2020 was a challenging year, to say the least, with the pandemic, racial injustice, the increase of violence, and many of our children not attending school in person. It has indeed been a year of trauma. Even though children were allowed to spend most of their time with parents and other caregivers, there was a deficit in peer interaction that could yield less than desirable results. The loss of social connection, grief from loved ones lost, etc., is a lot for any child to handle emotionally.
So, the real question now becomes, what should be our priorities as we swiftly move toward the preliminary stages of beginning a complete return to in-person learning in August? The top priority should be to ensure all educators know the need for trauma-informed care for the students as they return. Some students have been victims of abuse, hunger, homelessness, etc. We must prepare teachers and staff to recognize signs of distress among students, increase the availability of mental health services and resources, address stigma through mental health literacy and teach students to manage feelings through the slowness of the pandemic.
More is being learned daily about the toll of the pandemic and day-to-day events on the mental health of everyone. It is paramount that our priority focus is on ensuring children, youth, and young adults are afforded all mental health support necessary to thwart depression, anxiety, and thoughts of suicide, which has increased over 25% in the aforementioned age group the past year, according to M. A. Reger, I. H. Stanley and T. E. Joiner co-authored: Suicide mortality and coronavirus disease 2019: a perfect storm. Therefore, particular emphasis must be afforded as their mental health has been disproportionately impacted compared to older adults. Additionally, we must also be mindful that gun and domestic violence has also increased to 31%, and both can cause significant trauma for any student who witnessed either.
As educators, we must be committed to providing support. However, to do so, we cannot disregard the fact that we are all different, and we all come from various backgrounds and experiences, which warrant an increased level of care. We must master the art of being empathic communicators and work tirelessly to attain the trust of parents and students. That means we must broaden our reach and think outside our comfort levels to meet the students, parents, and patrons at the point where they mentally and physically are independent of subjecting them to our personal bias.
Not only should educators be prepared to provide the support independent of bias, as should community members, parents, and patrons. It takes a village to educate children. That adage has not changed. We cannot address the mental health needs alone; it will take the support of the coaches, doctors, caregivers, extended family members, and more, which all impact how children and youth think about and care for their mental health as well as how they treat others who have mental health challenges.
Additionally, we must bring the conversation to life by recognizing that mental health can negatively impact our physical health. If I am not mentally in a good place, my overall well-being can suffer because during those periods. The likelihood of being able to eat healthily (if at all), as well as exercise, becomes a struggle. Therefore, to be impactful when supporting children as they grow into adulthood, we must augment our understanding of mental health and care for it as we do our physical health independent of stigma and judgment.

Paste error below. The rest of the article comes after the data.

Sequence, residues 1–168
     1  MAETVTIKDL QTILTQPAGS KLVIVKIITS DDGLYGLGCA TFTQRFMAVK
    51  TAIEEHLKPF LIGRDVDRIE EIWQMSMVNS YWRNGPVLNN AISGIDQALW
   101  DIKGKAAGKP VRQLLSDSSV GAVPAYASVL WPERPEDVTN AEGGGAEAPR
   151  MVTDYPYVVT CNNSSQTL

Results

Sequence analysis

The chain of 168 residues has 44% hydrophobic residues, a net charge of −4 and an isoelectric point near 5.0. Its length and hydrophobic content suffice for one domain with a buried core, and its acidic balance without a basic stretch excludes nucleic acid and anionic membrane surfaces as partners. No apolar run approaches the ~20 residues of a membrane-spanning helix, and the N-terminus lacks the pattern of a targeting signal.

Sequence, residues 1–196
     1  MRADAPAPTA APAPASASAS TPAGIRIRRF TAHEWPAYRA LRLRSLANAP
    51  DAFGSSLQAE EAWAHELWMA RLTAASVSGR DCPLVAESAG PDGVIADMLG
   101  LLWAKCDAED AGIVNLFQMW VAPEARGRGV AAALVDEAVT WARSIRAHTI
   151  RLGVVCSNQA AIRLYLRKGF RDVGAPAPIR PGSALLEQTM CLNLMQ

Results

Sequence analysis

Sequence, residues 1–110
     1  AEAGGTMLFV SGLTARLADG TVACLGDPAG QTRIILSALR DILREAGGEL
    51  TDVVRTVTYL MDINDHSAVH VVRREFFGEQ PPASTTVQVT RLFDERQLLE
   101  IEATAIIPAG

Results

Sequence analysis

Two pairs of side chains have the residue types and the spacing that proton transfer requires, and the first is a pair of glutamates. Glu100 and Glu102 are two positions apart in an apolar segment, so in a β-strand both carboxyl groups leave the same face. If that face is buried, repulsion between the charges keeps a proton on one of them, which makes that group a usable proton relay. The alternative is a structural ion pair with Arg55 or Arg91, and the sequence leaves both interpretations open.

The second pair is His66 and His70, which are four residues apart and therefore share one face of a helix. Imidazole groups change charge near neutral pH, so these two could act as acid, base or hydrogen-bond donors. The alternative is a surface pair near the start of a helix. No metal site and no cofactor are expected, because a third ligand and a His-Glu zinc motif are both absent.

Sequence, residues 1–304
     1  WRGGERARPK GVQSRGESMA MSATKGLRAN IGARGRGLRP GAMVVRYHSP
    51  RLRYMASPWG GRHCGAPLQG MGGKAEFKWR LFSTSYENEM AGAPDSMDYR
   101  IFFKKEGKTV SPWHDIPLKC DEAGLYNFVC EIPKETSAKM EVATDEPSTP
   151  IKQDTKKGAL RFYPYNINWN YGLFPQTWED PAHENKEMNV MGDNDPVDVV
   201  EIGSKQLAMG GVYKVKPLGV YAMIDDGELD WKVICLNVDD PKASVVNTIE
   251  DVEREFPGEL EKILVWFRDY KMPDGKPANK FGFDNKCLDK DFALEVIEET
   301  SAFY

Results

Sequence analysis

We must be committed to being mindful of the challenges we now face as we move full speed toward the long-awaited post-COVID era. Accepting the fact that mental health support is needed coupled with having respect is a mandate. And as we do, we must be committed to avoiding being timid about having those tough conversations as it is necessary to embrace and support students with not only words but also resources. By doing so, we can help change the trajectory of the lives of the students we serve and allow them to have a full, productive, and healthy life.
About the Author
Dr. Frederick Fields is an educational consultant and author of Educator’s Strategies for Effective Relationships and Conversations with Millennials and Generation Z Parents. He holds a Doctorate of Education from Fischler School of Education and Human Services at Nova Southeastern University. He currently serves as Senior Director of Student Services for an urban midwestern school district, where he oversees the Counseling & College/Workshop Readiness Department, Student Health Services, Student Hearing Office, Alternative Learning Programs, Student Registration, Homeless Education Program, Student Attendance, Dropout Prevention/Truancy, Care Program (affordable before and after school child care), Mental Health Departments, and Juvenile Detention Coordinators.
Armed with over thirty years of teaching, administration, community engagement, training, and leadership skills, he serves with passion and fidelity. All in hopes of ensuring that every student, family, and community receives the best educational experience. All while working tirelessly to bridge the gap between generations and formulating winning strategies on education and customer service in the post-pandemic era..
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